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Neonatal asphyxia is a major health issue globally. In developed countries asphyxia affects 3-5 per 1000 live births. Subsequent development of moderate to severe hypoxic-ischaemic encephalopathy (HIE) occurs in 0.5- 1 per 1000 live births, with up to 60% of these babies dying during the neonatal period and 25% of survivors having major long term neurodevelopmental problems.
Many experimental animal models and systematic reviews of randomised controlled trials have shown that both whole-body hypothermia and selective head cooling has a neuroprotective effect. It modifies the cells programmed for apoptosis leading to their survival.
Hypothermia may also protect neurons by reducing cerebral metabolic rate. Therapeutic hypothermia aims to lower the temperature of the vulnerable deep brain structures to 33-34°C. Hypothermia is not without risk and thus it is important to manage the patient safely during induction and maintenance of hypothermia and during the rewarming process.
The aim of this guideline is to describe the management of a patient undergoing therapeutic hypothermia in the NICU.
≥ 35 weeks gestational age and more than 1.8kgs.
< 6hrs post birth
Evidence of asphyxia as defined by the presence of at least two of the following four criteria:
Assessment of relative contraindications/not moribund and with plans for full care. For example: uncontrolled pulmonary hypertension, uncontrolled clinical coagulopathy (i.e. active bleeding), major congenital abnormalities, survival appears unlikely (this should be discussed with a tertiary neonatologist or a PIPER Consultant). PPHN should not be considered a contraindication to commencing therapeutic hypothermia for HIE.
Clinically defined moderate or severe HIE (stage 2 or 3 based on modified Sarnat Classification). The presence of moderate/severe HIE is defined as seizures OR presence of signs in at least three of the six categories below:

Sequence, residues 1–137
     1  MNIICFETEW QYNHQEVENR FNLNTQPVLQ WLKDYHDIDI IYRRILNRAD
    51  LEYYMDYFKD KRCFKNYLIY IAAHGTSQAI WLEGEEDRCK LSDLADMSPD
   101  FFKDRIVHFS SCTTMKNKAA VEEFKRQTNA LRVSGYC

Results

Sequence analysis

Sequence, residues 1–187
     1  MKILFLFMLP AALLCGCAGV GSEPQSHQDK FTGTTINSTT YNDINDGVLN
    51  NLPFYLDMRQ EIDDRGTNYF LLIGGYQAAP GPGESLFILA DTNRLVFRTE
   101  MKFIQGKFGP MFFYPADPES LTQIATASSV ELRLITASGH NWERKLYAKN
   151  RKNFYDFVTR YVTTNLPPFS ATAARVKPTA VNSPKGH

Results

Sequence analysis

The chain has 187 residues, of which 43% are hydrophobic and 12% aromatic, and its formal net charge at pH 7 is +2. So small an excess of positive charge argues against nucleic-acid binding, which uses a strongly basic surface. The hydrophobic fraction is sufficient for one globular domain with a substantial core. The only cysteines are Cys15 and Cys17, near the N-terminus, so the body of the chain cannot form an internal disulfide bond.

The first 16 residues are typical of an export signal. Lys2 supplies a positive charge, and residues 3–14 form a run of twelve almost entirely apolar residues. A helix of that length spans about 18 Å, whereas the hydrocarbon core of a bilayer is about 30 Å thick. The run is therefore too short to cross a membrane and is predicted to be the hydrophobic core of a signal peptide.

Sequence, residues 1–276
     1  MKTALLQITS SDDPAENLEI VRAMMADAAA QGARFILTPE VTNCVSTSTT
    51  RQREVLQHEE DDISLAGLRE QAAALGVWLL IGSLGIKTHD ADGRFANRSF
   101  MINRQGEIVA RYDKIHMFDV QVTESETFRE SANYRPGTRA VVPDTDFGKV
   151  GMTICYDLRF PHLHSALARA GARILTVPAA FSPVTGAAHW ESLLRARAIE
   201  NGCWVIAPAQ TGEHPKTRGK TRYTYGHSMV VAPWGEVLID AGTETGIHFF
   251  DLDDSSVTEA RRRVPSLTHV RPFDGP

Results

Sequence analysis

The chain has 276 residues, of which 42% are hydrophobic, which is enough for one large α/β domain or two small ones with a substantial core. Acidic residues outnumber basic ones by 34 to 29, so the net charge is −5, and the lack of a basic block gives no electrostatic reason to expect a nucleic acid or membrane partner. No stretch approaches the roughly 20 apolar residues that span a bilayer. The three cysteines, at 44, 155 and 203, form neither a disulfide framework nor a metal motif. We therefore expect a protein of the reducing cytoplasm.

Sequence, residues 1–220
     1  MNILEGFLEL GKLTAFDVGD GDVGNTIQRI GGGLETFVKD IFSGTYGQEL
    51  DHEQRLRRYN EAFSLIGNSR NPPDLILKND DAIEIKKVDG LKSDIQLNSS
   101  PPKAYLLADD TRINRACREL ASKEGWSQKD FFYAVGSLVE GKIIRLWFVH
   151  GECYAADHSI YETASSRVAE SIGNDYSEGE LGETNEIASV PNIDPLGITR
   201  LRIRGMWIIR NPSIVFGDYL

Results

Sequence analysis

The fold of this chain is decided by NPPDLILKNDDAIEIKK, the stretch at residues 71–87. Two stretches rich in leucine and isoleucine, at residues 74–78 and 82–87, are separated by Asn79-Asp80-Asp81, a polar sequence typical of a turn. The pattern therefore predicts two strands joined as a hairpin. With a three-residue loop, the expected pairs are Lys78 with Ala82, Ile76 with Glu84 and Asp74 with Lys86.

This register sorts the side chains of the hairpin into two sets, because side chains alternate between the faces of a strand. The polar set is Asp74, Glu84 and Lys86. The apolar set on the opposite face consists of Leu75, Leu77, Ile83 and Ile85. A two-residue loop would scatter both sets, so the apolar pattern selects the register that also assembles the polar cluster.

Scale for Hypoxic Ischemic Encephalopathy
Table adapted from Sarnat el al Pediatric Neurology 113 (2020) 75-79
6. Moderate to severely abnormal background activity on amplitude-integrated EEG i.e. discontinuous, burst suppression or low voltage +/-
7. At the neonatal consultant’s discretion to commence therapeutic cooling
The aim of cooling is to achieve the target temperature within 1 hour of commencement (rectal temperature between 33.0°C – 34.0°C). The total period of cooling and rewarming is for 84 hours, consists of 2 phases:
Continuous ECG, BP, SaO2, ETCO2 monitoring
Close neurological observation
Access: Site lines prior to cooling as perfusion will diminish: Preferably double lumen UVC and UAC/ peripheral arterial line.
Blood tests: ABG, Electrolytes, LFTS, Glucose, Coagulation, FBE
Fluids: Most infants are fluid restricted to avoid fluid overload and cerebral oedema.
Sedation: Infants may require a low dose morphine infusion to optimise comfort and efficacy of the cooling process. Monitor comfort using modified pain assessment tool (mPAT).
Complications are more likely to occur or worsen with lower temperatures. Avoid overcooling the patient.
Explain to family the reasoning for using hypothermia and the expected length of treatment. Explain to family that their baby will feel cold for the duration of the treatment and reassure them that their baby will be kept comfortable during the treatment. Encourage bonding by allowing parents to touch their baby, do
nappy changes etc.
The evidence table for this guideline can be found here.
Please remember to read the
The development of this nursing guideline was coordinated by Alison Kendrick, Clinical Nurse Educator, Butterfly Ward, and approved by the Nursing Clinical Effectiveness Committee. Updated January 2023.